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No resting could he find at all,

No ease, nor heart's content ;
No house, nor home, nor biding-place ;

But wandering forth, he went
From town to town in foreign lands,

With grieved conscience still,
Repenting for the heinous guilt

Of his fore-passéd ill.
Thus, after some few ages past

In wandering up and down,
He much again desired to see

Jerusalem's renown.;
But, finding it all quite destroyed,

He wandered thence with woe,
Our Saviour's words, which He had spoke,

To verify and show. “I'll rest,” said He, “but thou shalt walk ;"

So doth this wandering Jew
From place to place, but cannot reste

For seeing countries new;
Declaring still the power of Him,

Whereas he comes or goes,
And of all things done in the East,

Since Christ, His death, he shows.
He hath past through many a foreign place--

Arabia, Egypt, Africa,
Grecia, Syria, and great Thrace,

And throughout all Hungaria.
Where Paul and Peter preachéd Christ,

Those blest Apostles dear-
There he hath told our Saviour's words,

In countries far and near.

And lately in Bohemia,

With many a German town ;
And now in Flanders, as 'tis thought

He wandereth up and down :
Where learnéd men with him confer

Of those his lingering days,
And wonder much to hear him tell.

His journeys and his ways..
If people give this Jew an alms,

The most that he will take
Is not above a groat a time :

Which he, for Jesus' sake,

Will kindly give unto the poor,

And thereof make no spare ;
Affirming still that Jesus Christ

Of him hath daily care.
He ne'er was seen to laugh or smile,

But weep and make great moan ;
Lamenting still his miseries,

And days forepast and gone :
If he hear any one blaspheme,

Or take God's name in vain,
He tells them that they crucify

Their Saviour Christ again.
“If you had seen His death,” saith he,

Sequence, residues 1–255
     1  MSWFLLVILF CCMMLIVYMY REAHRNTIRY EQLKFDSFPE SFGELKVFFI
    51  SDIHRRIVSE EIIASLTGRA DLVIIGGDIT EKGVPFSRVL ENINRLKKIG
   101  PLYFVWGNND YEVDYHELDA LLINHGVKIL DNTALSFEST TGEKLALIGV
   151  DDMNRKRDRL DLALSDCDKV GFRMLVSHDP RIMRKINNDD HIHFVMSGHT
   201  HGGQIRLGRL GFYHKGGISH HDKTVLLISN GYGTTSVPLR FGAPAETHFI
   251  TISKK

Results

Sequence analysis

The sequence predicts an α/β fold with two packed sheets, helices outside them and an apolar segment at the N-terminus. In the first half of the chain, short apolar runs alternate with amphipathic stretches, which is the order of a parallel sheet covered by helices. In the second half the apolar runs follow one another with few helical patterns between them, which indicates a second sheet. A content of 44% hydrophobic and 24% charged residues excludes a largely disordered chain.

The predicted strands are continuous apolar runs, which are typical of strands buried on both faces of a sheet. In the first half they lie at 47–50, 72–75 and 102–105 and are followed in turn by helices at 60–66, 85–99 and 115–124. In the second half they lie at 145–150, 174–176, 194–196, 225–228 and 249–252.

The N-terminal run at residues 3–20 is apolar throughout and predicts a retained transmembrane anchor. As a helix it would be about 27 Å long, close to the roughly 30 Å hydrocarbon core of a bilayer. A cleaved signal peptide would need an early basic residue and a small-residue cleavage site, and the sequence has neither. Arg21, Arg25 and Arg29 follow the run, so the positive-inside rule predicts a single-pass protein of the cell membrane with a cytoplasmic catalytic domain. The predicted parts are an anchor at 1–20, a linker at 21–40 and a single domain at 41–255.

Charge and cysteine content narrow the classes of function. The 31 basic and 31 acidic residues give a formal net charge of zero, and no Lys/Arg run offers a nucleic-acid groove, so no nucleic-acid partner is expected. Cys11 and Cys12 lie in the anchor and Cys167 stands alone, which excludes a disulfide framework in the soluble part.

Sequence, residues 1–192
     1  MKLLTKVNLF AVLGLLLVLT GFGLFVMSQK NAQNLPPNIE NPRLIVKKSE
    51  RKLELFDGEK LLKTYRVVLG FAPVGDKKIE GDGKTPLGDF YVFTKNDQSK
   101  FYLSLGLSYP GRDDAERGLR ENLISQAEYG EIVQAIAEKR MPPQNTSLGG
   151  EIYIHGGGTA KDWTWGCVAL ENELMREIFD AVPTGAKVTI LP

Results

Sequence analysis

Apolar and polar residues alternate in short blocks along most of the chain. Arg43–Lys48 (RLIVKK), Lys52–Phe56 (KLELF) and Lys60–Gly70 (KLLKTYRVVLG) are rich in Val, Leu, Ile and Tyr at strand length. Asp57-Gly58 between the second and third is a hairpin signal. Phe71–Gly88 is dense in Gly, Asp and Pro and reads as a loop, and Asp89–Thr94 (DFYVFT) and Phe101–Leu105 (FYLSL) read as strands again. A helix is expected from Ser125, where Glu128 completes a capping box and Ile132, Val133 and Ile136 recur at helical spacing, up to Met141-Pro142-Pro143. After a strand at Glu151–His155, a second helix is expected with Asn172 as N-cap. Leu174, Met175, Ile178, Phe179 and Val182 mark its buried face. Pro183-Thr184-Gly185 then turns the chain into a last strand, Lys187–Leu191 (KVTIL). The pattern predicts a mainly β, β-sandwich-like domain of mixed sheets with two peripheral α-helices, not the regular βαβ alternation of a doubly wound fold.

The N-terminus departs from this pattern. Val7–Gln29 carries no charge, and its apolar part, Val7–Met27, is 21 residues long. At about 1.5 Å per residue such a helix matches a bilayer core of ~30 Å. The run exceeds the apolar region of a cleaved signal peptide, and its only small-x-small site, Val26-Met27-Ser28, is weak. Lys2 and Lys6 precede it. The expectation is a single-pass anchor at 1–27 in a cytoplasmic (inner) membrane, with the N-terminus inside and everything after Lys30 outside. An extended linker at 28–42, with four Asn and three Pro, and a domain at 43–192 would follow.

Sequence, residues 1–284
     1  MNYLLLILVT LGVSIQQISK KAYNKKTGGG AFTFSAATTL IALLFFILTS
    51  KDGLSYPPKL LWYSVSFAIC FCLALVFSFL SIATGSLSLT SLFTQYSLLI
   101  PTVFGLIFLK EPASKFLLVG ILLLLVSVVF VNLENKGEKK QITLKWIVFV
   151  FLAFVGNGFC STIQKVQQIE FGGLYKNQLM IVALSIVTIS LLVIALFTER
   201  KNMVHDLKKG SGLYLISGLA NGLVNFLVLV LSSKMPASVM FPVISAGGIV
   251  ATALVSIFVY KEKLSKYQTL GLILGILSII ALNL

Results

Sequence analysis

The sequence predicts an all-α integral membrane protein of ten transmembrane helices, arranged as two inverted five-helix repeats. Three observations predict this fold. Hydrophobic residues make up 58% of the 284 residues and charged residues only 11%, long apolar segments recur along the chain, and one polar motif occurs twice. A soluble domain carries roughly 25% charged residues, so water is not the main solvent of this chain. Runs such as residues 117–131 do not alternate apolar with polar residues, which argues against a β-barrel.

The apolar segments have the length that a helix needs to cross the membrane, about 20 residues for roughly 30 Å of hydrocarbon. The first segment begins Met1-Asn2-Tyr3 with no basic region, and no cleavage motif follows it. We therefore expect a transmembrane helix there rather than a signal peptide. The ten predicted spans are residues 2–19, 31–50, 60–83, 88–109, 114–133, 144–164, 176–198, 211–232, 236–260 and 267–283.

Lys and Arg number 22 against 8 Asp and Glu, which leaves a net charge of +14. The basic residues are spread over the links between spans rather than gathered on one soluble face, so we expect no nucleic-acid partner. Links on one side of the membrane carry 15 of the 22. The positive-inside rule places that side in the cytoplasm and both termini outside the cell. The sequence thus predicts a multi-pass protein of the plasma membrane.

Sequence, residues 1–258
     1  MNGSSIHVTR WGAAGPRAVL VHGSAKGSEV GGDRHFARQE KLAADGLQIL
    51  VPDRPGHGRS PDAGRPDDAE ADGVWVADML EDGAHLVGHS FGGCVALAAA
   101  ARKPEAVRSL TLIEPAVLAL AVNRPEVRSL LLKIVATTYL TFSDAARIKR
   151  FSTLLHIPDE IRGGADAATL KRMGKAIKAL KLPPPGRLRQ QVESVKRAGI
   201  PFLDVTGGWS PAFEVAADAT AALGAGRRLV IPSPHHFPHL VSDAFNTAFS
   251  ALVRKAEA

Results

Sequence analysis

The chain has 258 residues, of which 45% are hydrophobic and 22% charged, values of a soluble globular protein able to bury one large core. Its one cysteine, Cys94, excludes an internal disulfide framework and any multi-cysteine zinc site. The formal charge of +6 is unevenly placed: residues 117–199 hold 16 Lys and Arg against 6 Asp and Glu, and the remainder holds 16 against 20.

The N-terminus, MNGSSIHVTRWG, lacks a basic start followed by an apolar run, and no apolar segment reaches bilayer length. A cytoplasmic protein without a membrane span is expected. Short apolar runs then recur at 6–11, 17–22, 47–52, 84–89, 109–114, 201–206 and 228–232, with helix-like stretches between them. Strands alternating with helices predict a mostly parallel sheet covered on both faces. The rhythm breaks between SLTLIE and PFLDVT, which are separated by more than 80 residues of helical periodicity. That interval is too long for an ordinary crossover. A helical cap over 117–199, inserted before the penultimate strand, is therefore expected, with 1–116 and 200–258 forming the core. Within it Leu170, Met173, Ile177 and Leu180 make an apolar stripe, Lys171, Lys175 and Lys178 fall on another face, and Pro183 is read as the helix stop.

“ As these mine eyes have done,
Ten thousand thousand times would ye

His torments think upon;
And suffer for His sake all pain

Of torments and of woes.
These are his words, and eke his life,
Whereas he comes or goes.


Affection in a Cat.

Y friend had a little helpless leveret, or young hare, brought to him, which the servants fed with milk in a spoon; and about the same time his cat kittened, and the young ones were drowned. The hare was soon lost, and supposed to have gone the way of most foundlings, to be killed by

some dog or cat. However, in about a fortnight, as the master was sitting in his garden, in the dusk of the evening, he observed his cat, with tail erect, trotting towards him, and something gambolling after, which proved to be the leveret that the cat had supported with her milk, and continued to support with great affection.

Thus was a graminivorous, or grass-eating animal, nurtured by a carnivorous, or flesh-eating one.

Why so cruel and sanguinary a beast as a cat, the murium leo, "the lion of mice," as Linnæus calls it, should be affected with

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any tenderness towards an animal which is its natural prey, is not so easy to determine.

The tender maternal feelings which the loss of her kittens had awakened, called for something to cherish and caress ; and the ease which she enjoyed from the drawing of her teats, too much distended with milk, still more prompted her to regard the young hare in the same way as a kitten.

This incident is no bad solution of that strange circumstance which grave historians, as well as the poets, assert of lost children being sometimes nurtured by female wild beasts, that probably had lost their young.

For it is not one whit more marvellous that Romulus and Remus, in their infant state, should be nursed by a she-wolf, than that a poor little sucking leveret should be fostered and cherished by a bloody grimalkin.

WHITE's Natural History of Selborne.

Editor's Examinations.

Answers should reach the Editor by the 10th instant. They should

be written on only one side of the paper, and should not contain a larger number of words than would fill one half or three-quarters of a page of this Magazine. Each answer should be signed by the writer. One or two of the best answers will be inserted, and lists given of the others in order of merit.

Questions for this month.
1. Write a life of Sir Thomas More.
2. Why is it necessary to wash ourselves ?

The Publisher will have much pleasure in giving PRIZES to the writers of the two best answers to each question. The first prize will be a book of the value of FIVE SHILLINGS ; the second, a book of the value of TAREE SHILLINGS AND SIXPENCE. Two books of each kind will be given-four in all; but a Scholar, after taking one prize, cannot obtain another until an interval of six months has elapsed. Should his paper during that time obtain the distinction which would otherwise entitle him to a prize, it will be printed in its proper position, but the prize will be awarded to the scholar who has written the answer next in merit. These prizes will be given for the first time to the writers of the best papers on the questions asked this month, to be printed in the next number.